Northern Flicker Intergrade

by Larry Jordan on April 3, 2011

Northern Flicker (Colaptes auratus cafer) Red-shafted photos by Larry Jordan

The Northern Flicker (Colaptes auratus) is the third largest woodpecker in North America if you count the Ivory-billed Woodpecker.  It is smaller than the Pileated Woodpecker.  This is a male red-shafted Northern Flicker I spotted at Lema Ranch Friday afternoon.  You can see that the male of the species has a bright red mustache not present on the female.  Both sexes have salmon red underwings and tail.

You may also notice that this male has no bright red crescent shaped marking on his nape.  You will often find them digging in the ground, in short grass areas, primarily for ants.

This red-shafted subspecies (Colaptes auratus cafer)  is found in western North America and the yellow-shafted subspecies (Colaptes auratus auratus) is found in eastern North America.  Intergrades of these two subspecies occur, according to the Peterson Field Guide to North America, where their ranges overlap, at the western edge of the plains, but we are seeing them in California.

Note the bright red crescent shaped marking on this bird’s nape.  The image below is the female that was hanging out with this male.  As far as I know, there is no way to tell if a female is an intergrade or not.

The male Northern Flicker of the yellow-shafted subspecies has a black mustache and the red crescent mark on his nape.

Here are a few photos of the intergrade male after he flew up into a nearby oak tree and into the sun to preen.  As always, click on photos for full sized images.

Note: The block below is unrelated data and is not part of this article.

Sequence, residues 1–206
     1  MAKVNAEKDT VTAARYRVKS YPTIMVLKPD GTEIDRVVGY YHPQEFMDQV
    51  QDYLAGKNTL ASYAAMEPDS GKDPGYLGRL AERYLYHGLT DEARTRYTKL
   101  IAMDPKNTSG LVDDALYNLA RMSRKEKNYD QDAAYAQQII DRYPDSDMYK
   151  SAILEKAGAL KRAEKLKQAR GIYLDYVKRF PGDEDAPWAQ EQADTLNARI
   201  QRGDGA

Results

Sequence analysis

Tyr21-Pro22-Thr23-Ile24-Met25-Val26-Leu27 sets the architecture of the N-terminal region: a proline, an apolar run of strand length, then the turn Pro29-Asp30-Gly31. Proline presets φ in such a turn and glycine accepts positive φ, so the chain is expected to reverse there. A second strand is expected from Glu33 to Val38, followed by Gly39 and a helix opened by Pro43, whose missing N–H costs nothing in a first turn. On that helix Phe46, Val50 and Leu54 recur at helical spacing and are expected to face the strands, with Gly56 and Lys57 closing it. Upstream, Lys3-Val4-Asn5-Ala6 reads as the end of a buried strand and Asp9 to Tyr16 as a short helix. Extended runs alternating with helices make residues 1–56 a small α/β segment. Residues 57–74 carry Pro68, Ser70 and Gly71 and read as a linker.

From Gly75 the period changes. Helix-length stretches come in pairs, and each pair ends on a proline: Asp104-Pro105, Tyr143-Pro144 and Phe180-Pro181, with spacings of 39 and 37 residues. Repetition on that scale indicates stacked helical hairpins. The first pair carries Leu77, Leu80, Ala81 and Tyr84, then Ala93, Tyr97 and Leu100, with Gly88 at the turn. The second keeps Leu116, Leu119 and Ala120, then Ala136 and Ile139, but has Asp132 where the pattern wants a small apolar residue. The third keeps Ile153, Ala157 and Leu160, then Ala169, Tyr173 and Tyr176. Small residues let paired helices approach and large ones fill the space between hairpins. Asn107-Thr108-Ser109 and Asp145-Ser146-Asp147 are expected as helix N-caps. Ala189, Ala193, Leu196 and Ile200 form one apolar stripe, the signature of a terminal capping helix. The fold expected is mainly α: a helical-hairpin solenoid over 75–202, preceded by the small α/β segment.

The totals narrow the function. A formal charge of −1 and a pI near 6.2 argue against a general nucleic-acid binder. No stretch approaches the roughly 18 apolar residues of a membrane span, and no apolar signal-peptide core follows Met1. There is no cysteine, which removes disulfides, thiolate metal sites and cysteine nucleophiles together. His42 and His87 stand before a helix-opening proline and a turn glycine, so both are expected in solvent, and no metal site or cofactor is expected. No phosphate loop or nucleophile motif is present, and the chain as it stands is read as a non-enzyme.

Here you can see the white rump patch that is conspicuous in flight of any of the flickers, male or female.

This last photo shows the beautiful salmon red undertail coverts on this intergrade male.

To see more great bird photos, check out Bird Photography Weekly!

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{ 7 comments… read them below or add one }

wren April 3, 2011 at 10:45 am

Great photos, Larry. Flickers are among my favorite birds, and not just because they eat their weight and then some in ants. I wouldn’t have caught the intergrade – thanks for the clear explanation.


Mick April 3, 2011 at 11:19 am

Beautiful photos, Larry, and an interesting description of the differences those birds show.


Phil April 3, 2011 at 11:37 am

An interesting account of a fun species Larry. I remember flickers from my times in Canada.


Rebecca April 4, 2011 at 7:07 am

Great photos, I especially appreciated the different angles..


Robin Robinson April 5, 2011 at 10:22 am

Fabulous shots and what a great find! Well done, my friend! I’ve never seen a red-shafted, only yellow. Great bird


karen April 5, 2011 at 6:14 pm

Very awesome photos…visiting from Bird Photography…followed you through NetworkedBlogs, hope you’ll follow me back

mine’s here:


Tim @ pet portraits April 19, 2011 at 8:05 pm

If these red-shafted varieties are as skittish as the yellowhammers, you must have used a blind or a long lens to get these photos. They are really well composed. I don’t whether we have the red-shafted ones or the intergrades here in southwestern Missouri, but we have the yellow-shafted, and I did get the chance to take some closeups of a one working the window frame this past winter. He probably couldn’t see me through the glass due to a glare or something, because I was able to get right on top of him.


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